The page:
Diane McDonald has spent most of her life farming in North Dakota and she’s loved every minute of it. But Diane knows that farming can be a very risky business.

“There are many steps that farmers can take to manage risk, like growing a wide variety of crops, rotating crops and growing cover crops to prevent erosion, and we do all of that,” she said. “But let’s face it, when we get an early August freeze, or a spring flood, or a drought, just about all of the best farming practices in the world will fail to protect us,” she added.

“And that is why I, like most farmers across the state, always purchase crop insurance.”

NCIS_carousel_image_94Diane farms about 1,700 acres with her husband in North Dakota’s Red River Valley. She’s a realist when it comes to business, and knows that the days of the government bailing out farmers after a big natural disaster are over.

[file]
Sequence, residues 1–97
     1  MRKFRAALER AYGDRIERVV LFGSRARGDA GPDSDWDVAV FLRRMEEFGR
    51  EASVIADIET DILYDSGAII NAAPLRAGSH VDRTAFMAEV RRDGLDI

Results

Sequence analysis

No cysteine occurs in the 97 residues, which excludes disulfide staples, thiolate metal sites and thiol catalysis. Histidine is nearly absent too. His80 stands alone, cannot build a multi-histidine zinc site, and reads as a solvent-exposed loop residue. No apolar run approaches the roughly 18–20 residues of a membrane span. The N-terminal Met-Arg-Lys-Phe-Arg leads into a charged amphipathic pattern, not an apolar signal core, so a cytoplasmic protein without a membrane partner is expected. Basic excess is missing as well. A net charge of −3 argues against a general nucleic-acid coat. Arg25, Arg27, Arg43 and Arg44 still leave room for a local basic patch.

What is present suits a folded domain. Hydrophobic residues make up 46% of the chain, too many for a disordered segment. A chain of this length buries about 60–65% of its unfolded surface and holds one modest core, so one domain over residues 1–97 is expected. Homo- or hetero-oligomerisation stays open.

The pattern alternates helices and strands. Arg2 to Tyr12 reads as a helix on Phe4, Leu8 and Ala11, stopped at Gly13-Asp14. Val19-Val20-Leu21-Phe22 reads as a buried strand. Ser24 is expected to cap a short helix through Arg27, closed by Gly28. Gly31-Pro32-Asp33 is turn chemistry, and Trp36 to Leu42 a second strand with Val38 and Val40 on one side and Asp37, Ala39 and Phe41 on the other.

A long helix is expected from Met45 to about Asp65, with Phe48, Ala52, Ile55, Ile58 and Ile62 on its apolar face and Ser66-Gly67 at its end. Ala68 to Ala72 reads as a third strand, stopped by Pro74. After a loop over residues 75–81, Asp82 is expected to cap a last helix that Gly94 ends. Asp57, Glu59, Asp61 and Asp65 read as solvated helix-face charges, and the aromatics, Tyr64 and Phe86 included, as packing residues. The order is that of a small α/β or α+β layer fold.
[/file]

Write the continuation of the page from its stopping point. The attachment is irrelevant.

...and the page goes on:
“With the passage of the new Farm Bill, farmers must realize that the government is no longer going to come along with an ad hoc disaster bill and bail us out,” she said. “The new Farm Bill is something we should all applaud, since it was hard fought and will provide some degree of certainty to America’s farmers,” she added.

When she’s not farming, Diane is the National Media Chairperson for Women Involved in Farm Economics (WIFE). In that position, she hears from women farmers from across the country that have all praised crop insurance.

“Last spring, we had 18 inches of rain in 21 days, and half of our crops were in the ground already,” she noted. And when the rain finally finished, farmers couldn’t get back in their fields.

“We were facing steep losses, since rent is due and other costs had already been incurred, like fertilizer already on the fields,” she said. “The crop insurance indemnity check for prevented planting helped cover the rent on the land and the lost fertilizer,” she said. “We didn’t make a dime but it covered a lot of the cost.”

McDonald says that they always purchase crop insurance, which is not a small expenditure, costing somewhere north of $40,000 a year. And they seldom collect an indemnity.

“North Dakota has had its share of natural disasters during my tenure, from August frosts that killed entire corn crops to floods and droughts,” she said. “You name it.”

“All it takes is one big hail event and the farm is lost,” she noted. “And that, my friend, is why we always buy crop insurance.”